Martin Sixsmith (Steve Coogan, "The Trip") has just lost his job as Tony Blair's Director of Communications for something he never said when he's approached by a catering waitress at a cocktail party who's overheard him talking about perhaps returning to journalism. Jane (Anna Maxwell Martin, "Becoming Jane") tells Martin about her mother's travails trying to trace the son she was forced to give up for adoption by the nuns at Tipperary's Roscrea Abbey fifty years earlier. He's condescending, but when an editor suggests a human interest story, Martin agrees to meet "Philomena."
Laura's Review: B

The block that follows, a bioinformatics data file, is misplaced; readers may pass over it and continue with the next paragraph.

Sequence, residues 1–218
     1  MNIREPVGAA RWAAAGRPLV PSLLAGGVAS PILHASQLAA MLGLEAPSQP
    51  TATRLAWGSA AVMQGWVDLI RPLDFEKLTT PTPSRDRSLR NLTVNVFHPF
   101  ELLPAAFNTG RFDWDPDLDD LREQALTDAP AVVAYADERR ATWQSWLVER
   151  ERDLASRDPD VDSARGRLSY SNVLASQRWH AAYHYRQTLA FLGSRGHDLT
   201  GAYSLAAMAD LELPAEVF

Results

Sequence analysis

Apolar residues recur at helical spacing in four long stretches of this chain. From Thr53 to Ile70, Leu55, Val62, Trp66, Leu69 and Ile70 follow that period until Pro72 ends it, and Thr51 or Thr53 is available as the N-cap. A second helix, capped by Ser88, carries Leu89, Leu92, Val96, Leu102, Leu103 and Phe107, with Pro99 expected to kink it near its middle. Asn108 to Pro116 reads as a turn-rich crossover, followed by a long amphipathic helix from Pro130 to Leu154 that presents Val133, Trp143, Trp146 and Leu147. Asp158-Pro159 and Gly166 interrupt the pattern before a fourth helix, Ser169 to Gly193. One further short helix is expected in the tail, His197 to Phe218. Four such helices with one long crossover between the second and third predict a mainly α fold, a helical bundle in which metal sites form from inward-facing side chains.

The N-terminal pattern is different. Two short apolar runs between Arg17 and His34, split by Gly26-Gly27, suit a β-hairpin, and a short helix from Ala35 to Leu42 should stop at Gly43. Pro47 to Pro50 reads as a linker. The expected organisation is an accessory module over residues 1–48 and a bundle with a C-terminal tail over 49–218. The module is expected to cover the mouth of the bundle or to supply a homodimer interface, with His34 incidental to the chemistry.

Director Stephen Frears' ("The Queen") latest is a step up from his last few middling efforts largely due to a touching yet funny and clear-eyed performance from Judi Dench as shamed unwed mother Philomena Lee. Star Steve Coogan (various Alan Partridge series and movies) and Jeff Pope ("Pierrepoint: The Last Hangman") have adapted Sixmith's book 'The Lost Child of Philomena Lee' as an odd couple road movie with flashbacks recalling Peter Mullen's 2002 Venice Film Festival winner "The Magdalene Sisters." Sixsmith is an intellectual clearly unused to socializing with Irish 'lace curtain' working class. The filmmakers play this for comedy, although Coogan and Dench's relationship gradually deepens as her motherly rebukes to his social rudeness hit home and his outrage at the injustice done by the Catholic Church against her grows. As Philomena tells her tale, we see her as a young girl (a fine Sophie Kennedy Clark soon to be seen in Lars von Trier's "Nymphomaniac!") in servitude as a Roscrea laundress for four years because of her misfortune. The old woman recalls the wondrous night when she met a young man at a fair and, having never been schooled in the facts of life, got pregnant. Now she toils for the promise of one hour with her young son Anthony a week. She is devastated to see him being taken away with Mary, the young daughter of her best friend, by a well to do American couple. All she has left is a photo taken and slipped to her by the kindly Sister Annunciata. When Sixsmith joins her on one of her trips back to Roscrea, where new abbess Sister Claire (Cathy Belton) has told her all records were 'lost in the big fire,' he's quick to point out the irony that they still have her signed consent not to look for her child. A contact tells him rich Americans paid to adopt Irish babies, and the duo set off for D.c. where Sixsmith quickly ascertains that Anthony became Michael Hess (Sean Mahon, "Higher Ground"), a closeted gay member of the Reagan administration. But their search will continue to a most surprising end. Dench's Philomena is the type who will regale Sixsmith with the entire plot of 'The Slipper and the Horseshoe' and suggest "Big Momma's House" on hotel pay-per-view over a visit to the Lincoln Memorial. While he begins to take this stuff in stride, he's baffled by her continued faith in her Church. We are not, however, because Dench completely slips into the skin of this simple woman whose moral code is strong yet refreshingly liberal. The Catholic Church, as represented by Sister Hildegard (Barbara Jefford, Kate Fleetwood in flashbacks), and the Reagan Administration do not fare as well. Frears tells "Philomena's" harrowing tale gently, perhaps a bit too much so. But Coogan and Pope have found a formula for the film that entertains while also enlightening those who haven't seen Mullen's (superior) movie.